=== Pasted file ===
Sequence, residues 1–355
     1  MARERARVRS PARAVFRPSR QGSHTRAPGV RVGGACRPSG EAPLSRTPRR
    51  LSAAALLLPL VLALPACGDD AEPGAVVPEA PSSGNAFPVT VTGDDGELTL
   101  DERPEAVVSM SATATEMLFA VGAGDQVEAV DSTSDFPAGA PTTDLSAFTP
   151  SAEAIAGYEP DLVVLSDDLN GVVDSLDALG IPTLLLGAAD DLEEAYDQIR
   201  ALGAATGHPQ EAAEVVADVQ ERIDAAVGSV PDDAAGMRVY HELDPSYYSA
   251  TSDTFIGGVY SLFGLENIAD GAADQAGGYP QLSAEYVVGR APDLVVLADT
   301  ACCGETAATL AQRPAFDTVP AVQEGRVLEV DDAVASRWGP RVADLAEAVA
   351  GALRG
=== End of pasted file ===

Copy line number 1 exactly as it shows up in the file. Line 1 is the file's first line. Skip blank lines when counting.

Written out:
Sequence, residues 1–355